His wife Zeresh and all his friends said to him, “Have a gallows built, seventy-five feet high, and ask the king in the morning to have Mordecai hanged on it. Then go with the king to the dinner and be happy.” This suggestion delighted Haman, and he had the gallows built. Esther 5:14
People who care about us don’t always lend the best advice. They mean well but their loyalty to us often taints their intended wisdom. Haman’s wife and his friends were apparently blind to Haman’s character flaws. They could not see that his greed for power obscured his vision for what was really happening. Esther had initiated the invitations to dinner to trap Haman yet he assumed they were to honor him. His family and friends bought his interpretation of the events and were all too happy to suggest a gallows be made for Mordecai. Why did Haman go on to build them? Because the advice they gave him brought great pleasure and gave him a way to express his hatred.
It is easy for me to love others’ advice when it pleases my flesh. When unhealthy appetites for personal gain rule me, I will gravitate toward those who agree with me. If I squirm when challenged because of my own insecurity, I may even put together a library of authors who hold my point of view. I will appear all knowing and well connected, at least for a while, in a womb of false teaching. What I fear most can be a knowledgeable opponent.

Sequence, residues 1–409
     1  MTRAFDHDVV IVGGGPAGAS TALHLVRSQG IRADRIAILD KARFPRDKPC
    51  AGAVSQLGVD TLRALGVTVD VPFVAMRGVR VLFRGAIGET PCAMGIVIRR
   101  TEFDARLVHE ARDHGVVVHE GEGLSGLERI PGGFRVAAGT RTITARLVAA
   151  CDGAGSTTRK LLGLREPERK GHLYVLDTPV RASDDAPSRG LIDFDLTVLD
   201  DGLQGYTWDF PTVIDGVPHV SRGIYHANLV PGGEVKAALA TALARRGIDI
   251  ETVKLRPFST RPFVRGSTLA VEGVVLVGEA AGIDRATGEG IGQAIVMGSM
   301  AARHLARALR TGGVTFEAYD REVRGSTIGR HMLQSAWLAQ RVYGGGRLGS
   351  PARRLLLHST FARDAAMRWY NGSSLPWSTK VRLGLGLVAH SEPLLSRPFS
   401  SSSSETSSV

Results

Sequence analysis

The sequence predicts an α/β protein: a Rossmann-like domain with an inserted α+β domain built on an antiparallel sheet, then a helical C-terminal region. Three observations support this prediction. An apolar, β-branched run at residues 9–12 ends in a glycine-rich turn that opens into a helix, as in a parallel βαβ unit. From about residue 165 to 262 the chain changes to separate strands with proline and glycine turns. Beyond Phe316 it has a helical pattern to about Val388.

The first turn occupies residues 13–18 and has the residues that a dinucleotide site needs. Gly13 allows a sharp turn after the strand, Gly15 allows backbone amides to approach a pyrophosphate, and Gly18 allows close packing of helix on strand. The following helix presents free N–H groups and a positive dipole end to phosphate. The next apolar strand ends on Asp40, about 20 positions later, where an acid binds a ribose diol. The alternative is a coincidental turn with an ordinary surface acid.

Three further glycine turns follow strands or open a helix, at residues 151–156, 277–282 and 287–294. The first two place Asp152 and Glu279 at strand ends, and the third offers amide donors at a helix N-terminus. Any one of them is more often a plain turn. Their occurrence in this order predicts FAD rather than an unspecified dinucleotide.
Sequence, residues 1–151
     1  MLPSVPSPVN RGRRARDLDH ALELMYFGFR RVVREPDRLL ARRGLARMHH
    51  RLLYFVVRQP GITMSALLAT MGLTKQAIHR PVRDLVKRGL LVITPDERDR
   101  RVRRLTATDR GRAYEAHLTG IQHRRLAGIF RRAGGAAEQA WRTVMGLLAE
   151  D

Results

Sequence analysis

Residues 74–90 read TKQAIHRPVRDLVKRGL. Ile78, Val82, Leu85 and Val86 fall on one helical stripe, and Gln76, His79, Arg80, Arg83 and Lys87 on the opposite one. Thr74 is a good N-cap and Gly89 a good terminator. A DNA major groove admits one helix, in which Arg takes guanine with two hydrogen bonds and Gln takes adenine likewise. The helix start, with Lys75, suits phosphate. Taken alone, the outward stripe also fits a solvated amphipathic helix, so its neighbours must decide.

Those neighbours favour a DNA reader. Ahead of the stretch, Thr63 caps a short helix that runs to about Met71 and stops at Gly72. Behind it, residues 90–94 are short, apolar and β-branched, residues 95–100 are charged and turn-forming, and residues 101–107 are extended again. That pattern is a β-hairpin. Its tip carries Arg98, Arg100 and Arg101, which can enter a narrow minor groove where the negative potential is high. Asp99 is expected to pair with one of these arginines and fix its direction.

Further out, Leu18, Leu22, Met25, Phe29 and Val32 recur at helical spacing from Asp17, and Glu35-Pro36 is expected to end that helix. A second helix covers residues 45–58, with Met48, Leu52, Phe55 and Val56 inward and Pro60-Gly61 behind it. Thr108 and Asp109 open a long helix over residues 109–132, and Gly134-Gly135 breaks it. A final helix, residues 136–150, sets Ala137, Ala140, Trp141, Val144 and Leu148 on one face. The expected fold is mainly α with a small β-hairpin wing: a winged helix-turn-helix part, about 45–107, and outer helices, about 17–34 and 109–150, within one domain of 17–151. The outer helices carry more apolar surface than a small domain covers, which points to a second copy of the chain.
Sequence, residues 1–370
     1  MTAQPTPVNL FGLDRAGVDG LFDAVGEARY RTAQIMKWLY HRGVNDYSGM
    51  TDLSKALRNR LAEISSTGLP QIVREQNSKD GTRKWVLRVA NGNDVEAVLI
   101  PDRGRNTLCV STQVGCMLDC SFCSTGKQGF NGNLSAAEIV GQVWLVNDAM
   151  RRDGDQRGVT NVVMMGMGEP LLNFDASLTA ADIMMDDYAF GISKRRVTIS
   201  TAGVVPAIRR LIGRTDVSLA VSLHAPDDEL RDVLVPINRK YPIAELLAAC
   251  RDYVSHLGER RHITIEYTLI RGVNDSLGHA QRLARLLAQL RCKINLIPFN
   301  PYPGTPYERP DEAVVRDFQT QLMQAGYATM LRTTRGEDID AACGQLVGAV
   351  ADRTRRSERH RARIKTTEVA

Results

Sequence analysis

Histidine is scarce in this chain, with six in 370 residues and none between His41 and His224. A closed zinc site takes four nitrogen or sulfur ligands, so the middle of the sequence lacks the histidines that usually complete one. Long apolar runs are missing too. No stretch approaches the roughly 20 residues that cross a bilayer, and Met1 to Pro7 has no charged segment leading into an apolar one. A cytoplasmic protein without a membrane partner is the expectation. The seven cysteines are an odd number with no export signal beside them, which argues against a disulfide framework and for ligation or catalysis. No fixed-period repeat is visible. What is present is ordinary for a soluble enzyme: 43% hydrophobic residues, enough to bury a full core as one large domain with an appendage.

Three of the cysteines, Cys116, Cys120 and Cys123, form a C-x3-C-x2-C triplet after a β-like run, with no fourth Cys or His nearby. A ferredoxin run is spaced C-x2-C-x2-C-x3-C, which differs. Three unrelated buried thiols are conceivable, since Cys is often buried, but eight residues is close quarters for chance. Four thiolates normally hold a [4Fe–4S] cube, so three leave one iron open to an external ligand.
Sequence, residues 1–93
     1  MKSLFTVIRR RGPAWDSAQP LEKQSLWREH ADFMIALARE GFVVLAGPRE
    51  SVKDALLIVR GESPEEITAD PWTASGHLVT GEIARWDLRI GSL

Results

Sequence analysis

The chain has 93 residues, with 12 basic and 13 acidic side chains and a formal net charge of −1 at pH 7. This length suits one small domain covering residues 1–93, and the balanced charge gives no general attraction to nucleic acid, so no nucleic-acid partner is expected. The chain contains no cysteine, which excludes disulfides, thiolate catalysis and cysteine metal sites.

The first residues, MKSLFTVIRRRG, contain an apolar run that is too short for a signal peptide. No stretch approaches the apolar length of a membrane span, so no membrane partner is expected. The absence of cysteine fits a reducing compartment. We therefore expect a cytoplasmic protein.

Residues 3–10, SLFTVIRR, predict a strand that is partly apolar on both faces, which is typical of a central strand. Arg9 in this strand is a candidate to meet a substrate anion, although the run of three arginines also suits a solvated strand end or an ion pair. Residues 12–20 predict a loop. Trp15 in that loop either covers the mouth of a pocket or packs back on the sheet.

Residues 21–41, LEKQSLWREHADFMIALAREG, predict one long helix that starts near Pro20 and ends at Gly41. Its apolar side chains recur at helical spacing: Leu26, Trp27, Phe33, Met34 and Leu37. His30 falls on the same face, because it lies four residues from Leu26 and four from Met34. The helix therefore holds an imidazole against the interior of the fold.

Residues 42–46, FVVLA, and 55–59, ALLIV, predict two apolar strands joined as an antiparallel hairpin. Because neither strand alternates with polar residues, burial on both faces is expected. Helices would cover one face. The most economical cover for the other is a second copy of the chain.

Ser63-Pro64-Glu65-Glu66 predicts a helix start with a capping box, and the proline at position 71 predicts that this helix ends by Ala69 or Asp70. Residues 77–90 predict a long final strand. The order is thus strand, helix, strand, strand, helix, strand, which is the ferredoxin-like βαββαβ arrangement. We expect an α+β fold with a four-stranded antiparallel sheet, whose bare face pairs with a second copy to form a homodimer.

Another person’s advice is only as sound as his connection to God, his grasp of the scriptures, and his accountability to good teachers. Before I assemble my own panel of counselors, it is prudent for me to ask myself some questions:
• Will these people speak the truth to me, even if it makes me uncomfortable?
• Will they show me the face of Christ by their lifestyle as well as their words? Many Christians are educated and quite dogmatic but without the grace of Jesus.
• Do others characterize these people as wise? If so, who are they? Who are their bedfellows?
• Does wisdom rule their lives? They should have a track record for navigating complicated situations successfully.
The issue is not whether another person’s advice makes me feel good, but is it true? And if so, is it timely and wise if applied? If the answers to these questions are yes, God is with me.
Everyone is quick to offer advice. I can be blinded by a person’s position of authority. Show me who should counsel. It may be the lowliest person I know. In Jesus’ Name, Amen.